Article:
Another thing to look at too is water. There's a lot of wetlands, FEMA floodplain type of properties when you're talking about land. So I'd just say, the wetlands, the slope, and really just the desirability of the area are the three main things, and you want to make sure there's not many restrictions; the more restrictions there are on the land, the harder it is to sell. HOA properties, depending on the area - we've been stuck with extremely nice properties in HOAs, where you have to build 2,400 square feet and up; if you put a house on, it needs to be at least 2,400 square feet. That just limits your buying pool so, so much. And although it might be a desirable neighborhood, there's only a certain amount of people in these areas that can afford a ground-up construction for 2,400 square feet. So it just limits the buying pool when you look at these restrictions.
Slocomb Reed: Daniel, I want to talk more about your buying pool, but first, just to make sure our Best Ever listeners are in a similar headspace to mine, since I'm the one who gets to ask the questions... When you're doing transactional investing, the most important thing is to know that there is a margin between what your seller will sell for and what your buyer will buy for. So what you're saying about rural Alabama makes sense, so long as there's a margin there. So you're talking about keeping your buyer pool as broad as possible... What I want to ask is, what kinds of buyers are you targeting? Is it entirely deal-specific?
Daniel Apke: It typically is people looking to put a home or a cabin or recreational land on a property. Since we're actually buying the property in our own name, we have full control of how we market it, which gives us a lot of flexibility with this. We buy a lot of commercial lots actually, and we'll sell them to investors; we can get into that later. But in terms of the residential side, if we have a residential property, it's typically people, like I said, living in Atlanta, who maybe want a property in let's just say Crawford County, Georgia, which is an hour and a half away. It's 20 acres, they want some recreational land to go out and enjoy, maybe put a cabin on it one day, maybe eventually move there, whatever that situation is. That's about 80% of our transactions, I'd say, is just to a residential owner who's looking to move there, or just use it recreationally.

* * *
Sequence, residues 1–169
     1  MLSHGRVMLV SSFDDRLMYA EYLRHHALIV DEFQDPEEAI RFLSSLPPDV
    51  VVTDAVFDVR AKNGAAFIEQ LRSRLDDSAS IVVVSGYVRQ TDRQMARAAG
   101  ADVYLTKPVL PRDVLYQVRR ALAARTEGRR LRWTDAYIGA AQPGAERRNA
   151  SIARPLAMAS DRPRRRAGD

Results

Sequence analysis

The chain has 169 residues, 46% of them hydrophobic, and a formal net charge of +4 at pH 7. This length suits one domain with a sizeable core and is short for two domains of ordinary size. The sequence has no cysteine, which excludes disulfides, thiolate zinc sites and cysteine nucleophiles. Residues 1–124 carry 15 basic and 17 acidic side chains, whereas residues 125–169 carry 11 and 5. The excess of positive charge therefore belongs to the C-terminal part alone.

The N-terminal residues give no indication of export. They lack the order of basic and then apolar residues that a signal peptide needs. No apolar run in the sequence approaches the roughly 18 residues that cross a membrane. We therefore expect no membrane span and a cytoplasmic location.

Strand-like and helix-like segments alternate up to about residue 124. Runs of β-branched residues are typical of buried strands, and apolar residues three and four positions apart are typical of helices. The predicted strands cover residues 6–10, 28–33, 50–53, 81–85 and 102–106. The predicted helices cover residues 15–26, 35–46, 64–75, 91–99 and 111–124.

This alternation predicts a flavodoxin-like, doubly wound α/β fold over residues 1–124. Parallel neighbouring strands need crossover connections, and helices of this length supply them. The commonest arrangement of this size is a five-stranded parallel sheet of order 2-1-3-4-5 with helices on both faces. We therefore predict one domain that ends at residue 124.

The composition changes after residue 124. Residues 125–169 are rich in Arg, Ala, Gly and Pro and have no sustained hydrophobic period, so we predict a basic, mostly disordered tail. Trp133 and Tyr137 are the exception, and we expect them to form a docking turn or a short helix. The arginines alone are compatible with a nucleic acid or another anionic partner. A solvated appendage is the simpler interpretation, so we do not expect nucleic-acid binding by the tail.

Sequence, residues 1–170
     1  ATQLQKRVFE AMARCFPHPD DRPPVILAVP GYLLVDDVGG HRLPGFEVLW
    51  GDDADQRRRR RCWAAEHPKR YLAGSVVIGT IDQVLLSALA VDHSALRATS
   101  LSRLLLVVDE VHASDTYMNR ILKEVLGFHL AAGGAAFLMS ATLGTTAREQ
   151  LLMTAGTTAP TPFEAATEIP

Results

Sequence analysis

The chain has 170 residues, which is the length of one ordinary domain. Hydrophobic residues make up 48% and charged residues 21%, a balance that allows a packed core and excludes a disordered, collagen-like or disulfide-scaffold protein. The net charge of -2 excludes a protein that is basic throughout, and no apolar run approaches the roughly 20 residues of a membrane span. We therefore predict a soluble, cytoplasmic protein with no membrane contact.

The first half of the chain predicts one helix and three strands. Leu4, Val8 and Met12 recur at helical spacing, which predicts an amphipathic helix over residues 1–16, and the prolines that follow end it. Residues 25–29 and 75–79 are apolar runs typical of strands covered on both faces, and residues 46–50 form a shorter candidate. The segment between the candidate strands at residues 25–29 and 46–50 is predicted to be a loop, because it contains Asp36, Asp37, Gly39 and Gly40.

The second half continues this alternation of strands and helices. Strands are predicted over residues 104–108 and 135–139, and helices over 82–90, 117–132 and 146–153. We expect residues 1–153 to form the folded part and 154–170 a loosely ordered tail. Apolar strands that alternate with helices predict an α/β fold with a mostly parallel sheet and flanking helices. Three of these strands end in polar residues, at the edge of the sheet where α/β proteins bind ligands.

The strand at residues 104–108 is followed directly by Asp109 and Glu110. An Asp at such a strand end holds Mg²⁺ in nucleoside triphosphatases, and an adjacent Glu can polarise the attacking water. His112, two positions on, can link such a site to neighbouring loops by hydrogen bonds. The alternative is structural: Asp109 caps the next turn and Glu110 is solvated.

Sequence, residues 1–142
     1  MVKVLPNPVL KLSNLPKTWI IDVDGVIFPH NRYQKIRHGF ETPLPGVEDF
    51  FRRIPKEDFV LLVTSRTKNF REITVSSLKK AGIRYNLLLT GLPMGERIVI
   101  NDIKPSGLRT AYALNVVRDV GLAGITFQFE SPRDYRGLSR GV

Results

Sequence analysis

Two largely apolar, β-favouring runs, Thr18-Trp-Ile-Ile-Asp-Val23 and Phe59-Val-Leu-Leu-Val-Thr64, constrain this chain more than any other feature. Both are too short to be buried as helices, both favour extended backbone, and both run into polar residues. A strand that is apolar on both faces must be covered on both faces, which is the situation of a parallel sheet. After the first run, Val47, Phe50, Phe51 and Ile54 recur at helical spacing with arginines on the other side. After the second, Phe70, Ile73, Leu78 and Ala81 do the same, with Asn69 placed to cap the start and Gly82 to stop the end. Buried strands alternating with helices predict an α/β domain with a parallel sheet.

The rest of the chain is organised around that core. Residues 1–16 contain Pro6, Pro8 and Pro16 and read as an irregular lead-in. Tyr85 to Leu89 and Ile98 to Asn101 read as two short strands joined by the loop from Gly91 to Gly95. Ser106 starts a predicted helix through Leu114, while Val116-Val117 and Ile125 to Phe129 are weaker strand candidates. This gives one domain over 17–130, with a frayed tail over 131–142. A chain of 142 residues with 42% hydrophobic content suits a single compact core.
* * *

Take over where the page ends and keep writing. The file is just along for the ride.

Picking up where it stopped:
Slocomb Reed: So you're looking to sell to a recreational owner, or an owner-user, owner-occupant for that land. And you focus on land that will have a broad use case, or a broad buyer pool within owner users?
Daniel Apke: Correct. Especially at first, as you're getting started, we highly recommend, as you get more familiar with areas and land, to dive into niches, to have a different niche. You might naturally come across a couple of niches and fall in love with them, or have a lot of success... I'll give you an example. I had one person come and join our program, and they had a background of wholesaling mobile homes, and they were staying in the Atlanta metro area. And they kept coming across these mobile home lots that they would market, and the mobile home lots were zoned to be mobile homes. So they could send a mail directly to mobile home lots with no structures on them, and then they ended up joining and they took that as their niche; that was their niche, is just zoned mobile home lots. They were going to send an offer form, a lot of times they have septic already installed, they have a well installed or whatever the situation is, but they knew the mobile home space so well and that area so well, they could target these extremely efficiently with this.
So we always recommend, once you get going, you can dive in and get more nichier, I'd say. But starting out, we like to keep it really broad, because it can get really complicated with the niches. And I think people fall into those niches naturally as they advance their careers.